Follow Up Best Practice: Craft Email Messages That Build Better Rapport

Scenario: You want to build trust with your prospect
Contributor: Rachel Miller, Sandler Training

There are a couple of things you can do to support good rapport as you try to convert the email exchange to a phone conversation.

When an email comes in, and you’re ready to respond, mirror and match the way your prospect wrote the email. In other words, if the prospect sent an email in green font, match the color. If the message is written with large letters, reply in large letters; if it’s in small letters, reply in small letters – match the font size.

If the email is personalized, be sure to personalize your reply in the same way. If the email is more cryptic – for example, if they don’t even say “Hi Greg” or “Dear Greg” – then eliminate your greeting as well. Additionally, match the way the prospect closed the email. Perhaps she wrote, “Thanks,” “Sincerely,” or “All the best.” Use your email to do the same.

Mirroring and matching is a great technique for establishing bonding and rapport. People buy from people they like… and people like people like themselves. If you can establish some rapport before you even get on the phone with the prospect, you’ll be that much closer to figuring out whether there’s a problem you can solve… and that much closer to closing the sale.

Here’s another concept that works well to create rapport: Respond quickly! Remember this Sandler principle: “Time kills deals.” Because email is a time-sensitive medium, responding quickly will always be seen as a good thing by the prospect. It helps inspire the person to converse with you on the phone as they perceive you as a no-nonsense person who is “on the ball.”



The “I Just Called You” Email That Gets an 80% Response Rate within 24 Hours

Scenario: After leaving a voicemail
Contributor: Colleen Francis, Owner of Engage Selling Solutions

You tried calling, but your prospect didn’t pick up. To improve your chances of hearing back, send the follow-up email below immediately after leaving a voicemail, and specify a specific date and time for the next call.

This works because clients aren’t always at their desks to take calls. The email is short and directive, making it easy to read and respond to. Prospects can answer with a short response from their phone. The email has an 80% response rate within 24 hours.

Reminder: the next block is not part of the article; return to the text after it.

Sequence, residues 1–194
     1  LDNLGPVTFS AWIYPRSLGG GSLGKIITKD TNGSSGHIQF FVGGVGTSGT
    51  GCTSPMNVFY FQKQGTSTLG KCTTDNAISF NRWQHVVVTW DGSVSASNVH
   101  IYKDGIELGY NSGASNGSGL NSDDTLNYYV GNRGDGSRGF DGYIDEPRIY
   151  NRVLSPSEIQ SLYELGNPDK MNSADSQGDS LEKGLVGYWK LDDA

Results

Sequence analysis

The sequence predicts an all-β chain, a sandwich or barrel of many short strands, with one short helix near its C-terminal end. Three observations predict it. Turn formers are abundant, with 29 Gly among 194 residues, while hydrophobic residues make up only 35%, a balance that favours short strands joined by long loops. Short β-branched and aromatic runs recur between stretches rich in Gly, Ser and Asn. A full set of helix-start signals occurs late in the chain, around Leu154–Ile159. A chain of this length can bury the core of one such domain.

The “Still Interested?” Email That Closed a $100,000 Deal with a Client That Went Dark

Scenario: When a prospect goes dark and you get a notification showing they might be interested again
Contributor: Mack McGee, Executive VP & Principal at Groove

Mack McGee was sure he would land a contract with a prestigious client, but they suddenly fell off the map. After multiple follow-ups and no response, he gave up. Nine months later, he received a HubSpot Sales email tracking notification indicating that this lead from nine months ago had reopened his last email. Mack sent him the follow-up email below which ended up closing a $100,000 deal he thought he had lost.


The “Congrats On the New Role” Email That Got a Prospect to Ask for a Meeting

Scenario: When you learn that the prospect is new in their role
Contributor: Caroline Ostrander, Business Development Rep at HubSpot

Caroline saw that a prospect had just started in their role and decided to reach out to immediately build rapport. The result? The prospect ended up asking her for a meeting.


First Touch Emails – Samples

The “Land a Meeting with Anyone” Email That Works 9 Out of 10 Times

Scenario: You’re trying to find the decision-maker in the company
Contributor: Bryan Kreuzberger, Founder of Breakthrough Email

This first touch email leverages existing corporate hierarchies to schedule your first meeting. Nine times out of ten, this template is all I need to book a meeting. 


Sales Email Mistakes to Avoid at All Costs

A poorly written sales email can ruin your chances to close a major deal. Here are some of the most common sales email mistakes you can easily avoid: